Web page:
In a rural White River town, a teenager arrives home to her abandoned farmhouse to discover that something terrible has happened. She grabs a gun but can she match the unseen evil that awaits her? Meanwhile, across town schools are closed as news of child abductions spreads. Brothers Killian (J. Michael Trautmann) and Crawford (Daniel Frederick) return home but soon make their escape to the woods for some fun.
What they find instead is the terrified and bloody Elizabeth (Dana Melanie) hiding in a dilapidated treehouse as if her life depends on it and it does. With the unknown threat coming ever closer to them, Crawford leaves to go for help leaving the two teenagers to fend for themselves.
Treehouse is an independent thriller suspense directed by British film maker Michael Bartlett (The Zombie Diaries). It had quite a healthy budget for an independent film coming it at $3.25 million but the film has a decidedly low-key, retro feel. There are some scenes of sweeping cinematography with aerial shots of the vast woodlands but most of the film focuses on close-ups of Killian and Elizabeth in their fight for survival.
It is not until the final scenes that the nature of the threat is finally revealed but there is little time to ponder their motives as the characters are subjected to an ever-increasing barrage of persecution. All we know is that they are watching, waiting, taunting and threatening.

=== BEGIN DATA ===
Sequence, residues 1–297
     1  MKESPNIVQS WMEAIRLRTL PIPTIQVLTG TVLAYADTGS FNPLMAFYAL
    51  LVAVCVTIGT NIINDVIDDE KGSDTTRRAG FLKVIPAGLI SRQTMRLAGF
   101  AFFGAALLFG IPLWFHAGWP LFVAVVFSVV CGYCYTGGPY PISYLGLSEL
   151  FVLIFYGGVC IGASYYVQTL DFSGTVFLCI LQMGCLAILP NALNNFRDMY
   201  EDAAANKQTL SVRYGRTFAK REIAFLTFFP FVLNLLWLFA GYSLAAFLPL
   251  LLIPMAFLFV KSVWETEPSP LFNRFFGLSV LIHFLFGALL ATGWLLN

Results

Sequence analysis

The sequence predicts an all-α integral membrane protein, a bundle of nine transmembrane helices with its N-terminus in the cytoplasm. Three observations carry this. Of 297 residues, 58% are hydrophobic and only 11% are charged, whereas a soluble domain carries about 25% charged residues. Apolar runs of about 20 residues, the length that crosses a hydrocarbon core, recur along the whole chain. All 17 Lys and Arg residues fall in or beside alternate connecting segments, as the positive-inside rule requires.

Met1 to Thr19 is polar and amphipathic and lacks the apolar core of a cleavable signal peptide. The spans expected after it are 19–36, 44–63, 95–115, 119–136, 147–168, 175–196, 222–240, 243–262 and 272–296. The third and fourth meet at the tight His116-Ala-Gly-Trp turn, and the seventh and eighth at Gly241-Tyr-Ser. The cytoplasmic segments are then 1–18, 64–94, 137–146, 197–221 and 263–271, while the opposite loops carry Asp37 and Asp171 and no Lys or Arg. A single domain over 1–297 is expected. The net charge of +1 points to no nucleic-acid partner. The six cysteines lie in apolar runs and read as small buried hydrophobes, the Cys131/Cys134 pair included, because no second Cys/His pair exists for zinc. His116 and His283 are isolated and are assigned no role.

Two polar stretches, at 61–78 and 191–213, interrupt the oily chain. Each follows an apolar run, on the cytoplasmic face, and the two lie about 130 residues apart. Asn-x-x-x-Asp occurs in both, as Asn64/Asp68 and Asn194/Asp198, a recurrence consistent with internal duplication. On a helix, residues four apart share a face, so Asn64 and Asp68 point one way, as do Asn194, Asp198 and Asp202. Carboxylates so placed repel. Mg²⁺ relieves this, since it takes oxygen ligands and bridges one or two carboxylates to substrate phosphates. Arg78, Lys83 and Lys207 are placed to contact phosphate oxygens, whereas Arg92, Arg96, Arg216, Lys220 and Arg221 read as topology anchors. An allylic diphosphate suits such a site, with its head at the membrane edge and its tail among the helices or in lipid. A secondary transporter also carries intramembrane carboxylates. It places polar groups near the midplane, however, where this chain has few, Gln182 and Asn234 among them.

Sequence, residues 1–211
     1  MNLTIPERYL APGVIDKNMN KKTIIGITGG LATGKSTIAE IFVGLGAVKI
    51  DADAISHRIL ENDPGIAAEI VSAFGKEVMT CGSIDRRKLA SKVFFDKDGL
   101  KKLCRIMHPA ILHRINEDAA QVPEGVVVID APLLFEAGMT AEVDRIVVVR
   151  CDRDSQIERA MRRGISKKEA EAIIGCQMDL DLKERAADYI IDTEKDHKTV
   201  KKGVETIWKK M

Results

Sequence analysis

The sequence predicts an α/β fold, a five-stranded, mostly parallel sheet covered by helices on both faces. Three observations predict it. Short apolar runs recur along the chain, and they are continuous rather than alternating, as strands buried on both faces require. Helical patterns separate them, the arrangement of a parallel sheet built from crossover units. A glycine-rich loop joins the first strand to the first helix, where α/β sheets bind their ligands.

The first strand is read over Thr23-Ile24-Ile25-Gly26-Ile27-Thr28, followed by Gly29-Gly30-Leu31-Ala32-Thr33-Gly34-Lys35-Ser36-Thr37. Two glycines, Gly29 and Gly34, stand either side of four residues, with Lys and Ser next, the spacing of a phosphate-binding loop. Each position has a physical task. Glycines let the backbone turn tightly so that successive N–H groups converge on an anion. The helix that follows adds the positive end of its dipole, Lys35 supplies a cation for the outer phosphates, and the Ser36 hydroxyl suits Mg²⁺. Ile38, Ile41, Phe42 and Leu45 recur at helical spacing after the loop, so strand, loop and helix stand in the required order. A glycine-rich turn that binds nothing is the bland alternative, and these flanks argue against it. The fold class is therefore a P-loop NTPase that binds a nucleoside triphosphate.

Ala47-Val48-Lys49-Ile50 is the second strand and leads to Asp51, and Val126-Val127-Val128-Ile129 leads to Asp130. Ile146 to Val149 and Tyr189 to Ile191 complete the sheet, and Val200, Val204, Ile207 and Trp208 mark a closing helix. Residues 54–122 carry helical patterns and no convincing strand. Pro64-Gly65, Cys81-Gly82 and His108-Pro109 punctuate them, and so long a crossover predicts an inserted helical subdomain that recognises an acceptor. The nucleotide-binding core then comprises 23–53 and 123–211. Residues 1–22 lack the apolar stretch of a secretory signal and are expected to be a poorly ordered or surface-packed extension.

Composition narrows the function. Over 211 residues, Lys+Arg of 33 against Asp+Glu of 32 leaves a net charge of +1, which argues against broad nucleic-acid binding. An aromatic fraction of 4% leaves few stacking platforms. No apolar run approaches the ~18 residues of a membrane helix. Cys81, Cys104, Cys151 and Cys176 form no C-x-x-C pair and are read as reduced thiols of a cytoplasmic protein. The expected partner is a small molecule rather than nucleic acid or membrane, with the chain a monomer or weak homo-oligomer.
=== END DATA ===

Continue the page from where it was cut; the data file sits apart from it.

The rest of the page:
This is not a typical slasher film with much of the carnage taking place off-screen or witnessed second hand. The use of photographs during the reveal which enabled viewers to simultaneously learn what had happened and witness the character’s horrified reaction was particularly effective.
The film relies heavily on the characters’ back story which is conveyed through the use of flashbacks. It is clear that Killian and Elizabeth react to their current predicament based on their past traumas but in places the young actors seemed to falter a little beneath this emotional baggage. Together with an ending that is a little corny and a bit too convenient, this reduces my rating on an otherwise adequate film.
I give Treehouse an okay three out of five stars and would recommend it as part of a Halloween movie marathon.
Treehouse is out in the UK this week and is available to buy from Amazon.co.uk. The film will hit the St. Louis International Film Festival in November and should see a more general release in the new year.